In some cases, xis gene sequences grouped phylogenetically by organism. For example, seven genes in the A. cylindrica PCC 7122 were identical to each other, and while no interruption element could be identified for four of the genes, the three other genes were identified as encoding element excision proteins (Fig 3; A. cylindrica PCC 7122 #1–3). Similarly, the xis gene of the interruption element within a S. hofmanni UTEX 2349 transposase was identical to the xis gene in an oxidoreductase gene interruption element in the same genome (Table B in S1 File). However, the oxidoreductase gene interruption element xis gene sequence was shortened by a gap in the genome assembly, and, thus, was left out of the analysis. Although more divergent than the A. cylindrica PCC 7122 and S. hofmanni UTEX 2349 xis genes, the Rivularia sp. PCC 7116 xis gene sequences responsible for the nifB and hupS elements clustered together (Fig 4). The length and GC content of each element was plotted along the xis phylogeny (Figures E-H in S2 File), but no clear patterns emerged.

Seven groups of genes were identified that were shared amongst at least five elements (Table C in S1 File). Four of these gene groups were shared amongst the nifD element variant that interrupts the gene at position 1355 (± 2 bp). These include a hypothetical protein that was found in 17 elements, as well as an ATPase gene that was found exclusively in elements. A hypothetical protein was conserved in five hupL elements and also found in one additional genome not in en element. A translation elongation factor G paralog was found in three different element variants of five genomes and in two other genomes, which have the potential to be in elements, as discussed below. A transposase gene was also found on multiple element variants.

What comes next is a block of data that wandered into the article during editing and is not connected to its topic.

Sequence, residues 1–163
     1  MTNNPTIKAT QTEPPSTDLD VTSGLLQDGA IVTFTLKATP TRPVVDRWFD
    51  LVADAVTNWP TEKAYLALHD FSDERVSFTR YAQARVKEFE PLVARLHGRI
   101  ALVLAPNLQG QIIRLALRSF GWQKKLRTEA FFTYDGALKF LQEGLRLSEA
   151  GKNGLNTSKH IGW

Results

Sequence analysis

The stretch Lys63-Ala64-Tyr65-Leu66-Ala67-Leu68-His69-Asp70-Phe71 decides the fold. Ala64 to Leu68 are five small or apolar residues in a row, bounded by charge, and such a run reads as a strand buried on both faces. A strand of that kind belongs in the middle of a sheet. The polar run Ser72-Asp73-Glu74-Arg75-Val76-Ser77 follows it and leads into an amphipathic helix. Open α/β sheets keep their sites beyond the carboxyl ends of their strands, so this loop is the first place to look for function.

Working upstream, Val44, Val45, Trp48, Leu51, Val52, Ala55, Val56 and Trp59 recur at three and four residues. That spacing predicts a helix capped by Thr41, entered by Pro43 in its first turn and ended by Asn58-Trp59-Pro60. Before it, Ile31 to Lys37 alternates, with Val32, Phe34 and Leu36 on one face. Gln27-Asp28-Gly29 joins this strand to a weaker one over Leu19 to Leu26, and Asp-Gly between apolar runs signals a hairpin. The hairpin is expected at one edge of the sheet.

Interruption elements were also found within genes of three unicellular non-heterocyst-forming cyanobacteria, including a hypothetical membrane protein of Chroococcidiopsis thermalis PCC 7203 (Table B in S1 File). A Synechococcus sp. PCC 7502 DNA helicase gene and a Cyanothece sp. PCC 7822 hypothetical protein were also interrupted by interruption elements. The xis gene sequences from these elements were spread throughout the serine recombinase gene phylogenetic tree, and all three genes were oriented in the same direction as the interrupted gene. The xis genes within the Synechococcus sp. PCC 7502 and Cyanothece sp. PCC 7822 elements were located at the beginning of their respective elements, while that of the C. thermalis PCC 7203 hypothetical protein element was the only positively oriented xis gene in this study to be found at the end of the element.


Interrupted genes